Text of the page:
Hib pneumonia, despite the bacterium’s name, has nothing to do with the influenza virus and affects primarily young children. Hib vaccination has nearly eliminated this type among children in the United States. S. aureus tends to be opportunistic and accounts for about 20 percent of nosocomial pneumonia. Antibiotic medications are necessary to treat bacterial pneumonia. Even with antibiotic therapy, however, bacterial pneumonia is a serious illness that can be deadly among the very young and the very old.
Mycoplasma are tiny organisms related to bacteria, commonly called atypical bacteria. The pneumonia they cause is typically mild though tends to linger. A common nickname for mycoplasmal pneumonia as “walking pneumonia” because its symptoms are enough to make people feel unwell though usually not enough to interrupt regular activities. Most people recover without treatment, though antibiotics usually speed recovery. Cough and headache may persist for several weeks.
Fungi may cause pneumonia in people who take antibiotics for an extended period of time, as antibiotics suppress the normal flora (normally present bacteria) that otherwise keep fungi in check. Fungal pneumonias are rare but when invasive in someone who is immunocompromised, they can be life-threatening.
Pneumocystic Carinii Pneumonia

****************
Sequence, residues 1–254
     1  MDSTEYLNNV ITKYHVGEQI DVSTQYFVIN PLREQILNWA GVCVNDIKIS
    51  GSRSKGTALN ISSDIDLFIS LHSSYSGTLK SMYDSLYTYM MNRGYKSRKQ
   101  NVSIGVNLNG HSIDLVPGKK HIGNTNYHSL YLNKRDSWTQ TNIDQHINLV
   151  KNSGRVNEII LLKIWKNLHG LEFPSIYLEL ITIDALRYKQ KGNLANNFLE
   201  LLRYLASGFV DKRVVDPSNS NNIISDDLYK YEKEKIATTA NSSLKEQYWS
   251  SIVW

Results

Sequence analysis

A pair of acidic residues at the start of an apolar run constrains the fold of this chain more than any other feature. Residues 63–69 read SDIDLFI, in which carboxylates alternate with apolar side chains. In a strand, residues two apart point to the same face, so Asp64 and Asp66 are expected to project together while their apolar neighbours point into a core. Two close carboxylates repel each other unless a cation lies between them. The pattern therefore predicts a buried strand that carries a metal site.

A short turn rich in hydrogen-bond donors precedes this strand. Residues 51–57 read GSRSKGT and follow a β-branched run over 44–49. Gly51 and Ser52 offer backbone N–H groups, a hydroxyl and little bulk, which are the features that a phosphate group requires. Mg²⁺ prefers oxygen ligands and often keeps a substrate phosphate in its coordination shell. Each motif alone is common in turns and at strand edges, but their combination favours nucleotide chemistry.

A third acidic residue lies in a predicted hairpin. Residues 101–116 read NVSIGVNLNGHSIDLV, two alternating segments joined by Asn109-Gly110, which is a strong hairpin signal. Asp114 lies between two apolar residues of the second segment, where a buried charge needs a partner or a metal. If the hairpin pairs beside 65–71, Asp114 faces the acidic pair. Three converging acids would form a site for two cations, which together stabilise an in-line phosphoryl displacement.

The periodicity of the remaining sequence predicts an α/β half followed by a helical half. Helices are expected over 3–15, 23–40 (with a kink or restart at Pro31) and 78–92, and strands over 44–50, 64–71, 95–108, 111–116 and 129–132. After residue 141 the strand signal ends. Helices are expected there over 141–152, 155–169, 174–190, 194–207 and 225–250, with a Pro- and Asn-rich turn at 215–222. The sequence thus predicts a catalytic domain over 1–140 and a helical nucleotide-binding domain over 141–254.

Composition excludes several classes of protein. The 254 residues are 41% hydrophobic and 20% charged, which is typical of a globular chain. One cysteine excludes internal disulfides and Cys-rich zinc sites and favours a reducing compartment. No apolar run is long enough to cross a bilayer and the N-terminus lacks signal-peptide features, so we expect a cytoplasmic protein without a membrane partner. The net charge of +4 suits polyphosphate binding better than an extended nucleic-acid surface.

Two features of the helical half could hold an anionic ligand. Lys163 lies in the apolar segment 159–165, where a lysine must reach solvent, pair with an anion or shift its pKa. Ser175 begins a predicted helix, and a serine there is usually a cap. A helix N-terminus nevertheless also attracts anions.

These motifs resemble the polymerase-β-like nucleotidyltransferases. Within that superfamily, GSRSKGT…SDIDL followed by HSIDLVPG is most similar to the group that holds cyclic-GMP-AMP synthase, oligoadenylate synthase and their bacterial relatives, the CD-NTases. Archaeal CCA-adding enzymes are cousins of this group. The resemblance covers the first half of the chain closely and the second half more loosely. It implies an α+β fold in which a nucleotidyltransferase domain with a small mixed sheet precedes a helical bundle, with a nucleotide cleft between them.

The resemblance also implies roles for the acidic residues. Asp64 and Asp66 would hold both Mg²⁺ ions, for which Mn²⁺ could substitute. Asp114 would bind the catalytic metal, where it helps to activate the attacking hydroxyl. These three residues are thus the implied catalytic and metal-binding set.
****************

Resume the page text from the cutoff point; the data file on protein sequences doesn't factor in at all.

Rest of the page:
Pneumocystis carinii is an opportunistic pneumonia that occurs nearly exclusively in people who are immunocompromised, including those who have hiv/aids, are receiving immunosuppressive therapy following organ transplantation, or are undergoing chemotherapy for cancer treatment. During the early days of the AIDS epidemic, P. carinii pneumonia was often the first indication that a person had hiv/aids. Doctors may prescribe prophylactic antifungal medications for people at risk for P. carinii pneumonia. Such prophylaxis has now made Pneumocystic pneumonia a relatively rare event in people whose HIV infection is wellmanaged.
Symptoms and Diagnostic Path
The symptoms vary somewhat with the type of pneumonia, though commonly include
- Cough that produces greenish yellow sputum or hemoptysis (bloody sputum)
- Fever (sometimes high)
- Chills or sweating
- Generalized discomfort and aches
- Chest discomfort or PAIN, especially with inhalation